The Path to 2020

The Path to 2020

DINZ 2015-2020 strategy:

  • Premium positioning of NZ deer products
  • Market development and diversification
  • Sustainable on-farm value creation
  • Cohesive and respected industry

State of the industry
Funding our work plans

State of the industry

DINZ plans its activities every six years. The previous work plans – from 2009 to 2014 – enjoyed many successes.

Unfortunately these were often obscured by an extremely weak Euro and a relatively weak US dollar. As a result, venison schedule prices were poor at a time when dairy prices were going through the roof. Meanwhile velvet enjoyed a 5-year run of strengthening demand and improving prices.

In response, many deer farmers reduced their hind numbers in favour of more velvet stags, sheep and cattle, or dairy grazers. For six years, the hind kill kept venison production fairly constant, but each year the breeding herd got smaller.

Now, with our 2015-2020 work plans underway, our industry is on the cusp of another cycle of change.

With dairy and lamb returns soft and venison prices recovering, many farmers appear to be rebuilding their breeding herds and continuing to increase velvetting stag numbers. This is reducing the venison kill and driving venison prices higher.

While these market changes provide a welcome backdrop for our activities, the major drivers of our plans have not changed:

  • Building buyer preference for our products in traditional markets, at the same time as we develop new markets that want year-round supply and pay premium prices
  • Increasing deer farming productivity to match increases in other livestock industries. Providing deer farmers and their staff with the knowledge, confidence and motivation to do this
  • Catering for the deer difference in animal health and welfare, research and genetics, environmental standards, training and much else. 

Funding for our work comes from levies on venison and velvet, plus co-funding from government for research. In addition, we are making a major investment in the Passion2Profit strategy that is being funded 50:50 by government and the deer industry.

To fund our share, we are relying very much on DINZ reserves, but these will not be enough. From October 2016 we are proposing a small increase in the venison levy.

Funding our work plans

DINZ Income and Expenditure, pdf download

A total annual investment of around $2 million a year in P2P is designed to transform the way we farm deer and market our venison. The goal: to make venison farming more profitable, so that more farmers are attracted to producing the world’s best meat.

Levies on velvet and venison enable DINZ to invest in activities that benefit everyone in the deer industry. 

The money generated is also used to leverage additional funds from government for research and market development. This greatly increases the funds available.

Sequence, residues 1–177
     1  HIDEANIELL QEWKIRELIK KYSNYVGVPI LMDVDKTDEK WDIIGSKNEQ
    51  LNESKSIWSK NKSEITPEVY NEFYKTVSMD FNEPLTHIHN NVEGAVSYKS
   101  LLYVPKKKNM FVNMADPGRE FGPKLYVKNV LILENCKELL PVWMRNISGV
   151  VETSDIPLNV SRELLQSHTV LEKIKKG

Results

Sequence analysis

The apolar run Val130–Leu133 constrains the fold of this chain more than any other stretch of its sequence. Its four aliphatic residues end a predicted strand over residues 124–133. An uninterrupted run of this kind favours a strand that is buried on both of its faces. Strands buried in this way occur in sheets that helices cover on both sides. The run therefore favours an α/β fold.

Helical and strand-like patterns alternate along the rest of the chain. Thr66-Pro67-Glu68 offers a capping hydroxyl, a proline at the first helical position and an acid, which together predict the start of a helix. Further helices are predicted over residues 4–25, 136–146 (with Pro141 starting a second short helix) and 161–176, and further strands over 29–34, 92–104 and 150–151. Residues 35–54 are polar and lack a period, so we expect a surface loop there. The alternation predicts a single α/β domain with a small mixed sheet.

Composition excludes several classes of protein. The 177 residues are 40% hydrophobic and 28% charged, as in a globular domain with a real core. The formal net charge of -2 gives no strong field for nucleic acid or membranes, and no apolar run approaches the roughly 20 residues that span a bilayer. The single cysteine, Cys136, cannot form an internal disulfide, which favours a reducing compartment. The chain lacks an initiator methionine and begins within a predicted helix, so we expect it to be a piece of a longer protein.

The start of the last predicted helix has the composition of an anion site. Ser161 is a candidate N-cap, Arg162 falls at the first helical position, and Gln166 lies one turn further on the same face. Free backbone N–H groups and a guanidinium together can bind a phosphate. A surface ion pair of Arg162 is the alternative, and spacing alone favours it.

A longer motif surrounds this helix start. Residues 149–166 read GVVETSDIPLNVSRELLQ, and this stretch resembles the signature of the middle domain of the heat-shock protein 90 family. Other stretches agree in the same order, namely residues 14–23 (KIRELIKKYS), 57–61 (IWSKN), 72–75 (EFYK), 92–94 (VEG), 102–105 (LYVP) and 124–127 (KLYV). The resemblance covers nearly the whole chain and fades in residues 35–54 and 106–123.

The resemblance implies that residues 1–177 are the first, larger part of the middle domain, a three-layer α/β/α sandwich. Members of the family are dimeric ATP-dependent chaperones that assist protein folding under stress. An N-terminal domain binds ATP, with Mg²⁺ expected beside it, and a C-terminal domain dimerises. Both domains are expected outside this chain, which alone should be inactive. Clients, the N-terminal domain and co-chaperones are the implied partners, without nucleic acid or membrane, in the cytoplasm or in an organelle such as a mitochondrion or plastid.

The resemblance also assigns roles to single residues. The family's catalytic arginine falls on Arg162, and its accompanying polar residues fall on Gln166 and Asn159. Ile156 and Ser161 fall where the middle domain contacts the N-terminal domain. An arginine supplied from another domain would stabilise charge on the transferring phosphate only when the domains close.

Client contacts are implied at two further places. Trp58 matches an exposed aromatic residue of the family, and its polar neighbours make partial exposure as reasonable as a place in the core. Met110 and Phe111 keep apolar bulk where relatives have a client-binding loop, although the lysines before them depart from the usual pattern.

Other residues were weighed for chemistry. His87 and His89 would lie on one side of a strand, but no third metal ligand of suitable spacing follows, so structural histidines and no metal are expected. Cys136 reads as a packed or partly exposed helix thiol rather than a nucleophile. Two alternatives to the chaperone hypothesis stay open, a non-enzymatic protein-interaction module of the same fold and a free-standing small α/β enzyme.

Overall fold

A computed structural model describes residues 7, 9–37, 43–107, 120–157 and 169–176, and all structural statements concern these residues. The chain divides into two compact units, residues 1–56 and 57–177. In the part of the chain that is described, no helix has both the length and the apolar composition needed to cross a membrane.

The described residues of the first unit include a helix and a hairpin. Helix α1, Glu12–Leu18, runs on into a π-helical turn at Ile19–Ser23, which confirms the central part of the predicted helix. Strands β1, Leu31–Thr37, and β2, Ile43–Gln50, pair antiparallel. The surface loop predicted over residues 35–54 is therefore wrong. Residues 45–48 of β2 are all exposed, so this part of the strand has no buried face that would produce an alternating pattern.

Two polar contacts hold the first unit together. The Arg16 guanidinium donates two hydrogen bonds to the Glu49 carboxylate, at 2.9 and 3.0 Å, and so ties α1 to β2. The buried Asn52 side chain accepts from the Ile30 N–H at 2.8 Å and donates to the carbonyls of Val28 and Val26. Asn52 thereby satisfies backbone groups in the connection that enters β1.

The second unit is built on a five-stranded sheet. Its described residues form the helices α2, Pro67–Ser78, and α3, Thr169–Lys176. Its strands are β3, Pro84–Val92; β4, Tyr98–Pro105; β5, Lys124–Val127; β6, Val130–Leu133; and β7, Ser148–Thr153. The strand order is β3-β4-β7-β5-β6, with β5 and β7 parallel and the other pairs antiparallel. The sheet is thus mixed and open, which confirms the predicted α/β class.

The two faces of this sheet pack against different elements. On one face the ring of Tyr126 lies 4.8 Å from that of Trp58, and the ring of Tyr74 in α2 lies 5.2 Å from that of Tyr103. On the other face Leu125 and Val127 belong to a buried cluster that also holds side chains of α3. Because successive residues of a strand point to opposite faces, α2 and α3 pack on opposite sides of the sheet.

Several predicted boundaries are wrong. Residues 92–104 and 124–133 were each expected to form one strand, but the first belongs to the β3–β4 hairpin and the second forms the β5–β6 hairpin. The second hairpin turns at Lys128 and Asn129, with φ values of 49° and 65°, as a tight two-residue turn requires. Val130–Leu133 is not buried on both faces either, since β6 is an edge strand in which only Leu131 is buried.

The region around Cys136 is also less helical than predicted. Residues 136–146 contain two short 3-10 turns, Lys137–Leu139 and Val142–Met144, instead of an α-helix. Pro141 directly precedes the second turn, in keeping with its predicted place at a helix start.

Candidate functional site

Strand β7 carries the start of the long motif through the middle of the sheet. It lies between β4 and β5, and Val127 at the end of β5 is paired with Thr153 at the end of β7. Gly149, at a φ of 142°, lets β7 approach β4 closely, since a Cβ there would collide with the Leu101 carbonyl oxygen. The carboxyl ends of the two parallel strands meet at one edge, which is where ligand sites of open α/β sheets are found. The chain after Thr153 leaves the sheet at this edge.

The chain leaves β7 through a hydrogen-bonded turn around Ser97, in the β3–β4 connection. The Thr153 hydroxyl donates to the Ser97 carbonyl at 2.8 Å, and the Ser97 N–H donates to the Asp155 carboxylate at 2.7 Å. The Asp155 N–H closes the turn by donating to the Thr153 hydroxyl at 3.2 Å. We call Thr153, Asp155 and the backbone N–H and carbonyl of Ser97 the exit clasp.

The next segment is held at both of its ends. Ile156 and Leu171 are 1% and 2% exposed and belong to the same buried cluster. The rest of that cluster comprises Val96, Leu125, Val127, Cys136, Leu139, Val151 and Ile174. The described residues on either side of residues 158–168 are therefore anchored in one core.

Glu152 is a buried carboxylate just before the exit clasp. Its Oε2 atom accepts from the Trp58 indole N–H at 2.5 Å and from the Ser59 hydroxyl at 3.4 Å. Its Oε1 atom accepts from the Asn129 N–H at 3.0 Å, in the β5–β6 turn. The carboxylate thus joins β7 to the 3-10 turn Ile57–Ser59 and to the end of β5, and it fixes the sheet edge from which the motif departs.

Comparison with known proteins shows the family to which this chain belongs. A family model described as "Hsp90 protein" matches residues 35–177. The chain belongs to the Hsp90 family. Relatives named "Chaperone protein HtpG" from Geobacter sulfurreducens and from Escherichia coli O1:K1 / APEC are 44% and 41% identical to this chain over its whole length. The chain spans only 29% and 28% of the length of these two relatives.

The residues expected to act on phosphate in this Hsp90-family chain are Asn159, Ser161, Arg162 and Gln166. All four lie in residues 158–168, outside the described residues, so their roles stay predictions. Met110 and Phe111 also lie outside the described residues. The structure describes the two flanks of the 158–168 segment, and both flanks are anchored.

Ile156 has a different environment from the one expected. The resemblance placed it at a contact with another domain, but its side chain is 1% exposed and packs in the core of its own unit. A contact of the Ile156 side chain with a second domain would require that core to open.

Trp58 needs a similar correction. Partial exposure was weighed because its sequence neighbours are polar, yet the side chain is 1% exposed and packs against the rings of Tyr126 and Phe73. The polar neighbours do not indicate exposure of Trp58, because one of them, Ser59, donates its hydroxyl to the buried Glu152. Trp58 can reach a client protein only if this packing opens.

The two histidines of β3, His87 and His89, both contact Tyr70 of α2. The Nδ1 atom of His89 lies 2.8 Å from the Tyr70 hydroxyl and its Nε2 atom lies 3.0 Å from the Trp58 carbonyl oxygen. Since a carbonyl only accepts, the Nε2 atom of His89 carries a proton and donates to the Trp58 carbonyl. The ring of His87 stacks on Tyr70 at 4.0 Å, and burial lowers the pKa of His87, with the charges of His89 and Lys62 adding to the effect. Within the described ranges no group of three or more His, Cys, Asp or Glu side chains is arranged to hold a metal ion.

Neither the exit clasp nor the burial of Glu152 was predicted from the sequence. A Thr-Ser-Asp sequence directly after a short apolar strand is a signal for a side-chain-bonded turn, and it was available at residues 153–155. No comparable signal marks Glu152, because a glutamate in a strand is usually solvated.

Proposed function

For example, in 2015/16 a levy investment of $530,000 by DEEResearch will attract co-funding of nearly $1.5 million. A DINZ investment of $1 million in P2P will be matched dollar for dollar by the MPI Primary Growth Partnership.

Proposed levy increase 
To fund our share of P2P and to continue the other work we do for deer farmers and those who process and market our products, we are proposing a small increase in the venison levy from October 2016.

From October 2016 DINZ proposes to increase the venison levy by 3 cents a kilogram. The increase, the first in 10 years, is needed because income from the venison levy is falling at the same time as expenditure on P2P is increasing.

Half the venison levy is paid by farmers and half by processors, so the increase will be 1.5 c/kg each, or 84 c/head on a 56 kg carcase.

The new venison levy of 22.69 c/kg is expected to generate $4.25 million in 2017, down to $3.8 m in 2020, reflecting a predicted ongoing decline in the deer kill. Of this, about $1 m a year will go to the Tb-free programme.

Without the increase, the income from the levy would fall to $3.7 m in 2017 and $3.3 m in 2020 and DINZ would be unable to fund its share of P2P. Even with the levy increase, DINZ is using around $4 million in reserves to help fund P2P. By the end of 2020, these reserves will be virtually exhausted. 

In 2014/15 (not counting P2P) 32% of DINZ expenditure was on venison- or velvet-specific work, 35% on industry-good work, 22% on the Tb-free programme and 11% on DINZ overheads.  These proportions vary slightly from year to year depending on circumstances.

Research, policy support and communications make up a big part of the funds devoted to industry-good. When it comes to supporting specific products, DINZ funds work that is specific to velvet from the velvet levy and work specific to venison from the venison levy.

Because velvet production is increasing and velvet is not directly included in P2P, there is no need for an increase in the velvet levy. The levy on velvet of 325 c/kg is paid by farmers. In 2015 it generated $1.9 million.

Growth in the velvet levy will enable DINZ to invest more in building demand in the healthy foods sector in Asia. The companies involved value the quality and integrity of NZ velvet and are our best prospect for building long-term demand for our growing velvet production.

DINZ has the power to set levies under the Deer Industry New Zealand Regulations 2004. It does this after consulting with levy payers, including the venison exporters and the NZDFA.

The path to 2020, PDF download

More information:

Venison market development

Velvet market development


Research, environment & training